Dallas Bar Association

Codifying the Good Faith & Probable Cause Exception

by Christine Nowak, Philip Lindquist and Mark Sales

Forfeiture clauses, also called “no contest” or “in terrorem” clauses, are, simply put, provisions that condition a beneficiary’s receipt of a gift on their acceptance of the remainder of a will or trust agreement. The intended purpose of such clauses is to dissuade a beneficiary from contesting the will or trust. Texas courts have long recognized such clauses as valid and enforceable.

While Texas courts historically have recognized the legality of forfeiture clauses, the courts have avoided or limited their effect through strict construction and the application of certain common-law “exceptions.” The Texas Legislature recently “clarified” Texas law by codifying one such exception—the good faith and probable cause exception—by amending the Texas Probate and Trust Codes, effective June 19, 2009.

New Section 64 of the Texas Probate Code governs the enforceability of a provision in a will that would cause a forfeiture of a devise or void a devise or provision in favor of a person for bringing any court action, including contesting a will. New Section 112.038 of the Texas Trust Code governs the enforceability of a provision in a trust that would cause a forfeiture of or void an interest for bringing any court action, including contesting a trust.

Under both sections, such provisions are unenforceable if: (1) probable cause exists for bringing the action; and (2) the action was brought and maintained in good faith. Notably, Section 112.038 cannot be waived, making it another exception to the rule that the terms of a trust generally prevail over any provision of the Texas Trust Code. See Texas Trust Code §111.0035(b)(6).

Before these provisions were enacted, it was an open question whether Texas recognized a good faith and probable cause exception to enforcing no contest clauses. The exception was applied variably by state appellate courts, and the Texas Supreme Court had never directly adopted the “exception.”

That court had, instead, merely referenced it favorably in dicta: “The great weight of authority sustains the rule that forfeiture of rights under the terms of a will, will not be enforced [when] the contest of the will was made in good faith and on probable cause.” Calvery v. Calvery, 55 S.W.2d 527, 530 (Tex. 1932, opinion adopted). The 2009 legislation, therefore, makes express what Texas’ highest court had ostensibly (but without certitude) implied—that forfeiture clauses are subject to a good faith and probable cause exception.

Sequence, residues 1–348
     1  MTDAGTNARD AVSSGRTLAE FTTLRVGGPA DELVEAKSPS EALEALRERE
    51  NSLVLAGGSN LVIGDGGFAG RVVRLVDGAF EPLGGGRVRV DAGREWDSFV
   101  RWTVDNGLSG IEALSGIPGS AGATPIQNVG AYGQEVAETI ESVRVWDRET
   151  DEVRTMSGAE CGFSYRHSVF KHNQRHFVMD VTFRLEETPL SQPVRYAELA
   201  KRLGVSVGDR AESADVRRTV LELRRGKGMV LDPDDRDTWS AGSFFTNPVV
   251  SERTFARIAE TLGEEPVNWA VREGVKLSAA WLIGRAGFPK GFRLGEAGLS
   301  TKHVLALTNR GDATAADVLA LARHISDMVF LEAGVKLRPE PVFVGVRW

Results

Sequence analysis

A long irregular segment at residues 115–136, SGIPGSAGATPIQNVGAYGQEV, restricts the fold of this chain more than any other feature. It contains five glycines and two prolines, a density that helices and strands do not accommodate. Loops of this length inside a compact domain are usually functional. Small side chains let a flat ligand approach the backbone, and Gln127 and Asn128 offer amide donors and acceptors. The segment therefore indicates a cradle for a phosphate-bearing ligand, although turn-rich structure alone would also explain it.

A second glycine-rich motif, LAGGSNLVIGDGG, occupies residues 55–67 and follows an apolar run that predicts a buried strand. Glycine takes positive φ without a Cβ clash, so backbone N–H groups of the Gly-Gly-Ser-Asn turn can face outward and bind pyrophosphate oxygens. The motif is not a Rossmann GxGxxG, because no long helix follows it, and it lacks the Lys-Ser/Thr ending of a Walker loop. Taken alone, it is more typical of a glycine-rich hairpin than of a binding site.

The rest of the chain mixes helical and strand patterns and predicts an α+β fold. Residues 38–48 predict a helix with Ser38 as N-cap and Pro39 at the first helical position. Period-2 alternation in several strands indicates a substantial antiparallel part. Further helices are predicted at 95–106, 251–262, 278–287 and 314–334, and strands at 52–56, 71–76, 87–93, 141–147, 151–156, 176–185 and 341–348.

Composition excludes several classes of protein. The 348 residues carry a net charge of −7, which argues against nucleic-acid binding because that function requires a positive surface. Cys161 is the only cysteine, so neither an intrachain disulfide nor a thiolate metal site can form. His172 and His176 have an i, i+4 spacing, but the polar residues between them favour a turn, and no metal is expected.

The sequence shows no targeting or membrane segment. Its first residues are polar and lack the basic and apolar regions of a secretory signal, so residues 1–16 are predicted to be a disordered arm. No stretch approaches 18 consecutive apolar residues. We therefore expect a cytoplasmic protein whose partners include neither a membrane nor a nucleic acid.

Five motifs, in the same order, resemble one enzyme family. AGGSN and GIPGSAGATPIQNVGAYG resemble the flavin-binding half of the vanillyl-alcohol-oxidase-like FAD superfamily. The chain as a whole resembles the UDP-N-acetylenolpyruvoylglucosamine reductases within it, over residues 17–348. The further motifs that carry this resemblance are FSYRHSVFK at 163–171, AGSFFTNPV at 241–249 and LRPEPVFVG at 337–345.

While it is now clear that Texas recognizes the exception, neither the newly-minted statutes, nor any Texas courts, have defined what constitutes probable cause or good faith. In resolving the probable cause question, Texas courts may choose to look to the Restatement (Second) of Property: Donative Transfers §9.1 cmt.j (1981) which says “probable cause” means“the existence, atthe time of the initiation of the proceeding, of evidence which would lead a reasonable person properly informed and advised, to conclude that there is a substantial likelihood that the contest or attack will be successful.” The standard for good faith similarly remains undefined, although the good faith pleading requirement under Texas Rule of Civil Procedure 13 (and related case law construing it) may well provide some guidance regarding what it means to bring and maintain an action in good faith.

The statutes also do not specify who has the burden to plead and prove the exception. Relying on prior Texas jurisprudence, the burden of showing good faith and probable cause likely falls on the will or trust contestant. To  employ or invoke the exception, which has been characterized as an affirmative defense, it is probably necessary for a contestant (1) to expressly raise the exception in its pleadings, and (2) to secure a finding (by the court or the jury) that the contest was in fact brought in good faith and with probable cause. See Hammer v. Powers, 819 S.W.2d 669, 673 (Tex. App. – Fort Worth 1991, no writ).

In conclusion, the legislative enactment of the good faith and probable cause exception, while “clarifying” that Texas recognizes the exception, leaves many other questions unanswered. Nevertheless the new statutes remain a potent reminder that forfeiture clauses should not be taken at face value by estate planners in advising their planning clients or by fiduciary litigators bringing and defending will or trust contests.

 

Mr. Sales is a member with Dykema Gossett, PLLC and Ms. Nowak is an associate with the firm. Mr. Lindquist is a partner with K&L Gates, LLP. They can be reached at msales@dykema.com,cnowak@dykema.comand phil.lindquist@klgates.com, respectively.

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